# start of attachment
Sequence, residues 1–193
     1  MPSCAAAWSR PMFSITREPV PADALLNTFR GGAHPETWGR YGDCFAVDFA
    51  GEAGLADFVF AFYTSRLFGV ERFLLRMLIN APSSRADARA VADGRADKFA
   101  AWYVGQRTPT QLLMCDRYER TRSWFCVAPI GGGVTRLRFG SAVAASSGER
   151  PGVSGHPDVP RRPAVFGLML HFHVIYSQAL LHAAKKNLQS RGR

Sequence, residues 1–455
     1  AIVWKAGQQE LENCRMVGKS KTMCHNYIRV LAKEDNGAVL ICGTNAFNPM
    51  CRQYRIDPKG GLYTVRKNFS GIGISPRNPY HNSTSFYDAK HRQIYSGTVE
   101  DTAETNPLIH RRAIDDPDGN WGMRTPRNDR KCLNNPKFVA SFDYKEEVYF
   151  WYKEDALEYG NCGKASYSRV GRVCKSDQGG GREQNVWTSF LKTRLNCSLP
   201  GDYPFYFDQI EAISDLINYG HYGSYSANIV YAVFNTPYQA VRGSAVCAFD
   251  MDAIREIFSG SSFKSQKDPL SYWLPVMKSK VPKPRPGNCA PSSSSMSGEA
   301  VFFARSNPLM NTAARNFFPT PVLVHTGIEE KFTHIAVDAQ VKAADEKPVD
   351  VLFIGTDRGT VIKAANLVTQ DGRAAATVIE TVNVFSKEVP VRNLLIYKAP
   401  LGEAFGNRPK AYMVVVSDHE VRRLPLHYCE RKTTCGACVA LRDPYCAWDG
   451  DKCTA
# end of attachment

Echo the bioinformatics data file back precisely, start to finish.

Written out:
Sequence, residues 1–193
     1  MPSCAAAWSR PMFSITREPV PADALLNTFR GGAHPETWGR YGDCFAVDFA
    51  GEAGLADFVF AFYTSRLFGV ERFLLRMLIN APSSRADARA VADGRADKFA
   101  AWYVGQRTPT QLLMCDRYER TRSWFCVAPI GGGVTRLRFG SAVAASSGER
   151  PGVSGHPDVP RRPAVFGLML HFHVIYSQAL LHAAKKNLQS RGR

Sequence, residues 1–455
     1  AIVWKAGQQE LENCRMVGKS KTMCHNYIRV LAKEDNGAVL ICGTNAFNPM
    51  CRQYRIDPKG GLYTVRKNFS GIGISPRNPY HNSTSFYDAK HRQIYSGTVE
   101  DTAETNPLIH RRAIDDPDGN WGMRTPRNDR KCLNNPKFVA SFDYKEEVYF
   151  WYKEDALEYG NCGKASYSRV GRVCKSDQGG GREQNVWTSF LKTRLNCSLP
   201  GDYPFYFDQI EAISDLINYG HYGSYSANIV YAVFNTPYQA VRGSAVCAFD
   251  MDAIREIFSG SSFKSQKDPL SYWLPVMKSK VPKPRPGNCA PSSSSMSGEA
   301  VFFARSNPLM NTAARNFFPT PVLVHTGIEE KFTHIAVDAQ VKAADEKPVD
   351  VLFIGTDRGT VIKAANLVTQ DGRAAATVIE TVNVFSKEVP VRNLLIYKAP
   401  LGEAFGNRPK AYMVVVSDHE VRRLPLHYCE RKTTCGACVA LRDPYCAWDG
   451  DKCTA